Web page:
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Book part
Publication date: 3 February 2015

Kip Austin Hinton

When bilingual teachers are first hired, many say they are pressured to teach material only in English (Menken, 2008). Removing instruction in a child’s native language is…

Abstract

When bilingual teachers are first hired, many say they are pressured to teach material only in English (Menken, 2008). Removing instruction in a child’s native language is not likely to improve scores on English standardized tests (Rolstad, Mahoney, & Glass, 2005), and long term, English-Only instruction reduces academic success and reduces graduation rates (Iddings, Combs, & Moll, 2012). This chapter looks at bilingual classrooms in a Texas school district, through classroom observations, interviews, and a large-scale survey seeking to answer the question, what do officially bilingual classrooms look like when they operate monolingually? Results showed that administrators exerted pressure, and teachers used methods they expected not to work. Some bilingual classrooms had teachers who either could not speak Spanish, or chose not to. Because classrooms operated without the legally required amount of first-language instruction, the district’s “bilingual” programs undermined accountability data while harming emergent bilinguals. Teacher educators have not prepared bilingual teachers for the reality of anti-bilingual schools. New teachers need to know how to not only implement research-based instruction but also defend their instructional choices. Wherever lawmakers, agencies, and administrators have allowed transitional bilingual programs to become de facto monolingual, there may be a role for colleges of education to play, monitoring, assisting, and, if necessary, publicizing lack of compliance. Study findings are limited to one specific district; even in districts with similar phenomena, the manner in which a bilingual program ceases to be bilingual will vary substantially.

Details

Research on Preparing Inservice Teachers to Work Effectively with Emergent Bilinguals
Type: Book
ISBN: 978-1-78441-494-8

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To view the access options for this content please click here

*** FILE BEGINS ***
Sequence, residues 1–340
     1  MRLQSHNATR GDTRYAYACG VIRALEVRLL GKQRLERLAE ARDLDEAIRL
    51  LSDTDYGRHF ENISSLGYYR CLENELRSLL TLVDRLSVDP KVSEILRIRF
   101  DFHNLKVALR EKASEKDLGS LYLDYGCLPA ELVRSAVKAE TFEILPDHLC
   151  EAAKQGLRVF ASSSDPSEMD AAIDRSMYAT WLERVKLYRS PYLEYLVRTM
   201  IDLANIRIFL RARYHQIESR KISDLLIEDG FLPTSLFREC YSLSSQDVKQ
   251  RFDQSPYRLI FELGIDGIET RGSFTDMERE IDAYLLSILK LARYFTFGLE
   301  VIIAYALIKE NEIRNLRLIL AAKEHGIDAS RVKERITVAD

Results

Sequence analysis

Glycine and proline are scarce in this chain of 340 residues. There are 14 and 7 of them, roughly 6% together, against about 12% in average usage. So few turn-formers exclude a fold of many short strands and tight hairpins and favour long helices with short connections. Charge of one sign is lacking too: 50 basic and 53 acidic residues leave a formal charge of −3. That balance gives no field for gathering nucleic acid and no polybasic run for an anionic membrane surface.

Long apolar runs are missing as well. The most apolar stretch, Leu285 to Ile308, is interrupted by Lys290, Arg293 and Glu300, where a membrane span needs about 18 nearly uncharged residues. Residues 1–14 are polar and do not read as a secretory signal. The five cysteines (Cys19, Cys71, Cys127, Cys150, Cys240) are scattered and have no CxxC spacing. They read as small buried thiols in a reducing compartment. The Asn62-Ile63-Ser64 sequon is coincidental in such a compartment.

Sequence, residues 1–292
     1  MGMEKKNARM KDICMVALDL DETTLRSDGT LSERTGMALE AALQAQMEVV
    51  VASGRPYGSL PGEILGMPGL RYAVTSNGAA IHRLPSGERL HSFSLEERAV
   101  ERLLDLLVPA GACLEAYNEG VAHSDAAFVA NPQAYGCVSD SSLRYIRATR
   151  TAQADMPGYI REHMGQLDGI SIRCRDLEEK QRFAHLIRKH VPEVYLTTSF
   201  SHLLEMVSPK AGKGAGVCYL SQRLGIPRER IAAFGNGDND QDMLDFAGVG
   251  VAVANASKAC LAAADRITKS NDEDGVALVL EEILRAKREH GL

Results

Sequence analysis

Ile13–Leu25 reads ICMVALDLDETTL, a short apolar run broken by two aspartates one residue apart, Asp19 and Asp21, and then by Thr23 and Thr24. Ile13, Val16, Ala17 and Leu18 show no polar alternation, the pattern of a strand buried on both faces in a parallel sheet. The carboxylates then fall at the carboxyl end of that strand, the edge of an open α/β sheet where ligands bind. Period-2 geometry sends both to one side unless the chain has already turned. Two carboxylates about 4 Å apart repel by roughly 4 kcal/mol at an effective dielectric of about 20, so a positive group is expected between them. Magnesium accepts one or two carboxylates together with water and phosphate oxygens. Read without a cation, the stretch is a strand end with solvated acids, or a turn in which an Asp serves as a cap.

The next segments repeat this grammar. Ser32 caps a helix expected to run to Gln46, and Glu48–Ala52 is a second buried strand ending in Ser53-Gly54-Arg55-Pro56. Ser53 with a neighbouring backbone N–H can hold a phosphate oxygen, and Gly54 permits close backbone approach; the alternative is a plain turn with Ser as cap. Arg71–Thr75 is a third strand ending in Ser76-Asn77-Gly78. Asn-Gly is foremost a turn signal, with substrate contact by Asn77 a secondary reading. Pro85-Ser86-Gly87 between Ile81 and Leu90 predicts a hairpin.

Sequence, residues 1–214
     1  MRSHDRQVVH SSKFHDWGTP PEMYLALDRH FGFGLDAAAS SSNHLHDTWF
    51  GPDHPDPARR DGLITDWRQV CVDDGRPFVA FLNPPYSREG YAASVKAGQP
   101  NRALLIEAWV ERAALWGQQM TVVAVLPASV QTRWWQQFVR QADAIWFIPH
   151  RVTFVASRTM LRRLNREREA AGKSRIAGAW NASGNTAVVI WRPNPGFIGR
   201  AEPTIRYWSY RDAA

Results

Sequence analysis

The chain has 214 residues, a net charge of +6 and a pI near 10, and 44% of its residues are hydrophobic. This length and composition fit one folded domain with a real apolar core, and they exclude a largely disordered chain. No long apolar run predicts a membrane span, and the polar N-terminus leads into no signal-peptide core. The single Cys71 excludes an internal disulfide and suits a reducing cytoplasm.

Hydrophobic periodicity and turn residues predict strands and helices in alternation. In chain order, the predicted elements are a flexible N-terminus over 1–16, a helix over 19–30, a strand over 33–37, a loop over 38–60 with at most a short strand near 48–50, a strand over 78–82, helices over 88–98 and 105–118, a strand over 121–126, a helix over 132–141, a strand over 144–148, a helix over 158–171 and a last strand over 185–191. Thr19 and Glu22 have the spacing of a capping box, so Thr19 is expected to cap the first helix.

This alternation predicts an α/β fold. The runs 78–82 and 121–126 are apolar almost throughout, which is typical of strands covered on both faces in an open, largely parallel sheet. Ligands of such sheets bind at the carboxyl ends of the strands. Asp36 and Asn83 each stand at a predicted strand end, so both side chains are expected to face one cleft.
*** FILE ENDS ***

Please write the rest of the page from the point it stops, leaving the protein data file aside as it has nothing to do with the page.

Book part
Publication date: 3 February 2015

Abstract

Details

Research on Preparing Inservice Teachers to Work Effectively with Emergent Bilinguals
Type: Book
ISBN: 978-1-78441-494-8

To view the access options for this content please click here
Book part
Publication date: 3 February 2015

Abstract

Details

Research on Preparing Inservice Teachers to Work Effectively with Emergent Bilinguals
Type: Book
ISBN: 978-1-78441-494-8

To view the access options for this content please click here
Article
Publication date: 1 July 2006

Stan Oliver and Kondal Reddy Kandadi

This paper seeks to identify various factors affecting knowledge culture in some of the large organizations and suggest realistic strategies for developing knowledge culture.

Abstract

Purpose

This paper seeks to identify various factors affecting knowledge culture in some of the large organizations and suggest realistic strategies for developing knowledge culture.

Design/methodology/approach

In‐depth case studies were conducted at six large distributed organizations to investigate and assess knowledge management (KM) practices and associated organizational culture. The core data collection is based on semi‐structured interviews with senior managers who play a significant role in KM programs at their respective organizations. A range of internal documents of these organizations has also provided some important inputs for the empirical analysis.

Findings

The study identified ten major factors affecting knowledge culture in organizations. These include leadership, organizational structure, and evangelization, communities of practice, reward systems, time allocation, business processes, recruitment, infrastructure and physical attributes.

Research limitations/implications

Perhaps, the major limitation of this research study is associated with the sample selection. All of the companies participated in this research project, were large‐scale distributed organizations. Therefore, the findings may not be applicable for small and medium‐sized enterprises (SMEs). Furthermore, the derived conclusions would be more assertive if they were tested as hypothetical propositions through a consecutive research survey.

Practical implications

This study provides illustrations and rationale for a diverse range of factors influencing the knowledge culture. Some of the findings deviated from established notions in contemporary KM literature, especially in the issues such as organizational structure, leadership and reward systems. The organizational dimensions explored in this study provide some original thoughts for building sustainable knowledge cultures.

Originality/value

The factors described in this paper are based on the existing KM practices at organizations with well‐established KM programs. These can serve as pragmatic guidelines for KM practitioners in developing knowledge culture.

Details

Journal of Knowledge Management, vol. 10 no. 4
Type: Research Article
ISSN: 1367-3270

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